A few days ago, Morrison Institute's senior research fellow, David Berman -- in an op-ed published by the Arizona Republic -- offered his prospective view of what we can expect if the TOP TWO political primary system is adopted by voters in our state in November. (The actual proposal is found on the Arizona Secretary of State's website, labeled C-03-2012)
Proponents of the measure say this:
This measure will allow all Arizonans, regardless of party affiliation, to vote in a single open primary for the candidates of their choice. The two candidates who receive the most votes in the primary will compete in the general election. There will be a level playing field for all voters and candidates, and the current system of taxpayer-funded partisan primaries will be abolished. This reform will promote open government and encourage the election of candidates who will work together for the good of the state.Arizona has been on the leading edge of some recent trends (experiments, perhaps) to change how public policy is established (i.e. independent redistricting, Clean Elections, etc.). However, we can learn from the history and experience of other states on this one before taking the plunge and committing to another experiment.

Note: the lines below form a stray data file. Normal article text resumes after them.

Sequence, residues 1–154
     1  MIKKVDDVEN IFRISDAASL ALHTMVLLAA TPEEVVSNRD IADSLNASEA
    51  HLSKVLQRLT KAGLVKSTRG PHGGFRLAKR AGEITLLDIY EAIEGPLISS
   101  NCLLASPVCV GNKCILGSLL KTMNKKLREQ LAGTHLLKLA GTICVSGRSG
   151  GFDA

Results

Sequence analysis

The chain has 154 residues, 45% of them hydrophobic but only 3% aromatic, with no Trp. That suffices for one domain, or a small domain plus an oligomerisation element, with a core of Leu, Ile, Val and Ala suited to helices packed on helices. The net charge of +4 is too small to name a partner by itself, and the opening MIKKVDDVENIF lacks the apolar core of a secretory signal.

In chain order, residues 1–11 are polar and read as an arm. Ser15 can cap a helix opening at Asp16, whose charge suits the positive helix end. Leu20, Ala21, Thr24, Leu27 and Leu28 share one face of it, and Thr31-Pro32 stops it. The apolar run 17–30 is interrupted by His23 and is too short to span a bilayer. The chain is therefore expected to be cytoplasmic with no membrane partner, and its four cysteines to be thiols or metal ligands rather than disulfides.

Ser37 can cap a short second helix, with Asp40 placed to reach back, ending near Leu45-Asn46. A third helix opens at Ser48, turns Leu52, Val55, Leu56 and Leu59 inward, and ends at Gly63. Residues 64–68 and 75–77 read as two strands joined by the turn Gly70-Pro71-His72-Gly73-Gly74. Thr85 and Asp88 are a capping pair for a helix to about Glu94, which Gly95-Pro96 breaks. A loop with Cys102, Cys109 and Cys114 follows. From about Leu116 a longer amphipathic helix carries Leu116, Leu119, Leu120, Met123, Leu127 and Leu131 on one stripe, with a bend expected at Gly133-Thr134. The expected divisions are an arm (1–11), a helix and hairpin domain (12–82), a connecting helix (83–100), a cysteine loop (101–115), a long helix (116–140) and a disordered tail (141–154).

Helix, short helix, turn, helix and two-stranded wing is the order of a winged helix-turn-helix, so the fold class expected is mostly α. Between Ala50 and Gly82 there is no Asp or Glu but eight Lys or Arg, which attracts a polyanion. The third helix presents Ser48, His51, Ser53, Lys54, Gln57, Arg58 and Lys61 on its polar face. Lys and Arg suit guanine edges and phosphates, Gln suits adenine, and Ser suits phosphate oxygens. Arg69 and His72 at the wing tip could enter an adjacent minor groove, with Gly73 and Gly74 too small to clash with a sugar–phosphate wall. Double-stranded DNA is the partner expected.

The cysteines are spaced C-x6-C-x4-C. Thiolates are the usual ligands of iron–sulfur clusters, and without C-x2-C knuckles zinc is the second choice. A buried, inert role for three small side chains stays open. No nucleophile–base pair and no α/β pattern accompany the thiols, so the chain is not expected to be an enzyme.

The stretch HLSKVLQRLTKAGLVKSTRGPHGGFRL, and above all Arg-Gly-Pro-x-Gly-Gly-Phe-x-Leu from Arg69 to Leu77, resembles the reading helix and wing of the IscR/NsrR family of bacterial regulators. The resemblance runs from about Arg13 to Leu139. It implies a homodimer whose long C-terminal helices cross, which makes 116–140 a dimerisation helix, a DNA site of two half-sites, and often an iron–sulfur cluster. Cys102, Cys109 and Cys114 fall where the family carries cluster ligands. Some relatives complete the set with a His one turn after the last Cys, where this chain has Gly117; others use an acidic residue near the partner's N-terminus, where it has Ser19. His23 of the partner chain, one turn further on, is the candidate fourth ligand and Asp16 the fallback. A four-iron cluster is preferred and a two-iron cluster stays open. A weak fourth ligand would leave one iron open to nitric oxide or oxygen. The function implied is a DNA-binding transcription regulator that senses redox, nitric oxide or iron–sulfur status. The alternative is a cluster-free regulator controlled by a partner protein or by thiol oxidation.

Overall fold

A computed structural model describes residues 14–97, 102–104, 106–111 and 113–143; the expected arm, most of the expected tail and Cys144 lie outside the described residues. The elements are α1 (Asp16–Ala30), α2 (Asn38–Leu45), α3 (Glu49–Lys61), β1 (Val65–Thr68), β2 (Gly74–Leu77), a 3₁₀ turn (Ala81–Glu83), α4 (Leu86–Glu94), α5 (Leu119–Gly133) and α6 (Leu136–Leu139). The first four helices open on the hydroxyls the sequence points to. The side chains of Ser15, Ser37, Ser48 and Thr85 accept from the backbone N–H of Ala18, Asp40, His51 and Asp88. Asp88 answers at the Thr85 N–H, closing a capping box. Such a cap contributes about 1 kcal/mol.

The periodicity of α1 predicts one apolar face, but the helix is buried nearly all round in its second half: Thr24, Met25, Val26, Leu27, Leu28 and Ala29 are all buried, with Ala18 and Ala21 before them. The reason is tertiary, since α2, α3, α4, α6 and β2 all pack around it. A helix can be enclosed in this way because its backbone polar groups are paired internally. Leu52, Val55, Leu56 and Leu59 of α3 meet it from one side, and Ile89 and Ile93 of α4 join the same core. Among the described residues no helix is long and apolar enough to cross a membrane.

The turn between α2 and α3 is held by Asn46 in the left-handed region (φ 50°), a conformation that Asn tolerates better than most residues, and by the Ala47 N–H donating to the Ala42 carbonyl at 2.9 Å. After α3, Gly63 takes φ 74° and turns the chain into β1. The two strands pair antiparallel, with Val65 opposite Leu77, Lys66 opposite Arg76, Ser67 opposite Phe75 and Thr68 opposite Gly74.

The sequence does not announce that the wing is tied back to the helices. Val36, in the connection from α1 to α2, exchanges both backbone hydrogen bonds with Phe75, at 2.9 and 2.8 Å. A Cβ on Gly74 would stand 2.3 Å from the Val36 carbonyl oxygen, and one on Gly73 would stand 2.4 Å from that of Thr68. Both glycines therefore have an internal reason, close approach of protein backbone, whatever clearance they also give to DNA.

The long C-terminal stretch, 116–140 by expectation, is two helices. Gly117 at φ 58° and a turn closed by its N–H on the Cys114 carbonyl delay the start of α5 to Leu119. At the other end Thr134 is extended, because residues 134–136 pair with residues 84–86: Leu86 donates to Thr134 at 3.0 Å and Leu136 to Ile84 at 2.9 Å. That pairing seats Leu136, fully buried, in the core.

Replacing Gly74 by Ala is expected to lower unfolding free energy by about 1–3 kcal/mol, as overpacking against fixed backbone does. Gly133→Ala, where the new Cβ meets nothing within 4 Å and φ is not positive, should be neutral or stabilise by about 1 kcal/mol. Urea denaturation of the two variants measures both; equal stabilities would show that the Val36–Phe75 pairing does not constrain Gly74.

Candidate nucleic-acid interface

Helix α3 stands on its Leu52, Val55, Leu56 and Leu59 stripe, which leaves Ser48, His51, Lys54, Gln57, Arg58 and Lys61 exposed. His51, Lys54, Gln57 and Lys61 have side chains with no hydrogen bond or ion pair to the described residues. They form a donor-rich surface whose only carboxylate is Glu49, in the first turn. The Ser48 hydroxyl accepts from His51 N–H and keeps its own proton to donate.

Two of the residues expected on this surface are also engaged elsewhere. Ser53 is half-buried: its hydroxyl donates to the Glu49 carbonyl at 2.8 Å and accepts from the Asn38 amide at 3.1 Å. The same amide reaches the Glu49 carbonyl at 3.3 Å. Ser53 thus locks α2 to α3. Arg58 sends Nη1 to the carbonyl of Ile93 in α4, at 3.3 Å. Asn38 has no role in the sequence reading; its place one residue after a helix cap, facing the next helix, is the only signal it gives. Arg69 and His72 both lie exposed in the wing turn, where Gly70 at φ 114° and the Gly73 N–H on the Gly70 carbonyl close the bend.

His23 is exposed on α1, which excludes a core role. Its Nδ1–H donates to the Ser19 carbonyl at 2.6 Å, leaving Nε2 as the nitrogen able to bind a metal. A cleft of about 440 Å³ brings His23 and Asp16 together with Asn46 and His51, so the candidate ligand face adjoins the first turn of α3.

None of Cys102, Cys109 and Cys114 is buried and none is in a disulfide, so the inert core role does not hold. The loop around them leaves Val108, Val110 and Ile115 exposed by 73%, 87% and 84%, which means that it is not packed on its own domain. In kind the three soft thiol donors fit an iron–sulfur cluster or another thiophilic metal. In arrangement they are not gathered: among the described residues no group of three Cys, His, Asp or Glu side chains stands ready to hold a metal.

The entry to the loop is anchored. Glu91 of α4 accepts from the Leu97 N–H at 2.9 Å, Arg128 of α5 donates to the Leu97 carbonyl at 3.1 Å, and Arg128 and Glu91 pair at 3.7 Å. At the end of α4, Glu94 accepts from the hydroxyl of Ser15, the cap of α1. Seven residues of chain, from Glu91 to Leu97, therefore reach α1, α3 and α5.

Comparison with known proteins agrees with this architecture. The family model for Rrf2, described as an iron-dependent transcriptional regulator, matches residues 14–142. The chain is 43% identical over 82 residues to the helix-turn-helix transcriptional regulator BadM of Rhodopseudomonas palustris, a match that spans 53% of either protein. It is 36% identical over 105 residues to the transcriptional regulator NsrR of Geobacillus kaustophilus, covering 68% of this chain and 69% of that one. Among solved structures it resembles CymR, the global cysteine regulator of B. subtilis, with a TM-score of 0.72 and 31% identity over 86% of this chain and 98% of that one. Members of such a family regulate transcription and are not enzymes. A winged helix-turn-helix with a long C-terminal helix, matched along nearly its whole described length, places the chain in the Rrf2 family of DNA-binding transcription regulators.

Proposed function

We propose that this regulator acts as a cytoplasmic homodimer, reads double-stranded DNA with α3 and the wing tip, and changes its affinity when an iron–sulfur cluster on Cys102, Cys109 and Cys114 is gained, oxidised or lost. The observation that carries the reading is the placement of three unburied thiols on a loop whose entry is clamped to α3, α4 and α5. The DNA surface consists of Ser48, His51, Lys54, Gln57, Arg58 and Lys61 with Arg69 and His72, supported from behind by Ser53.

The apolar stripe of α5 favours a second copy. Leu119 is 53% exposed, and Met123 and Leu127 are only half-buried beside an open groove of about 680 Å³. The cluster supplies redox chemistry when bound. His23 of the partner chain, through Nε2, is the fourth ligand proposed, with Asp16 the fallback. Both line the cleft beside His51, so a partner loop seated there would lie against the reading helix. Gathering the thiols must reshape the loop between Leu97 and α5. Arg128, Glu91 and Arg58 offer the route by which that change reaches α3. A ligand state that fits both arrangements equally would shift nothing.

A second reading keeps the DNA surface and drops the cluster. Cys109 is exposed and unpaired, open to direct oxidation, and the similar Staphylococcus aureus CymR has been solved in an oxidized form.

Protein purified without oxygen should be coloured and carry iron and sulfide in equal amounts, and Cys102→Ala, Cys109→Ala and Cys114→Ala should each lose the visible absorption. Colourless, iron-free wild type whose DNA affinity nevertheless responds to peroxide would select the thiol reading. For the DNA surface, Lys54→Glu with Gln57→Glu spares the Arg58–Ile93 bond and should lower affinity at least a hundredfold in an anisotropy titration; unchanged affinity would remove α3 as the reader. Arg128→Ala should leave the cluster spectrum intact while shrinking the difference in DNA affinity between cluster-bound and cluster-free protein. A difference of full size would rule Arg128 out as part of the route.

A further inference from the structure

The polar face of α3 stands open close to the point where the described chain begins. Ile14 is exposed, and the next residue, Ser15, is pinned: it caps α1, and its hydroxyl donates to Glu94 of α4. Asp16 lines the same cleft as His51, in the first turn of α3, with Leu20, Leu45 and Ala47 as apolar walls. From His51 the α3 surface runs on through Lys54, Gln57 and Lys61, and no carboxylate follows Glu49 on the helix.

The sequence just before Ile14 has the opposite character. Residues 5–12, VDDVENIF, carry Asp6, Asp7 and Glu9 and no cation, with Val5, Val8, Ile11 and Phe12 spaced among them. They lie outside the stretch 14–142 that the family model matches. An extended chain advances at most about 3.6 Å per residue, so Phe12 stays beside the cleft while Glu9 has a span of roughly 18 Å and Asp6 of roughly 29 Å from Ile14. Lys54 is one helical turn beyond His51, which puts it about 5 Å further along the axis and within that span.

Berman's analysis partly echoed the hopes of proponents, stating:
Because party primaries traditionally have been low-turnout affairs, the few partisan voters who do show up tend to be from the opposite ends of the ideological scale -- far to the right in Republican primaries and far to the left in Democratic primaries. Moderates from both parties often fail to survive the primary, so much so that few even try.
Instead, nominees tend to be more ideological than voters who generally identify with either of the major parties.
Supporters of the top-two vote-getter proposal argue that the election system should be reshaped to encourage a level of greater moderation, if not participation. Otherwise, the proposal's proponents say, the current system's end result -- certainly as shown in the state Legislature -- is somewhat predictable: ideological extremism.
That could be why, the initiative's backers say, lawmakers produce policies and budgets that conflict with the views of a majority of Arizonans. (emphasis mine)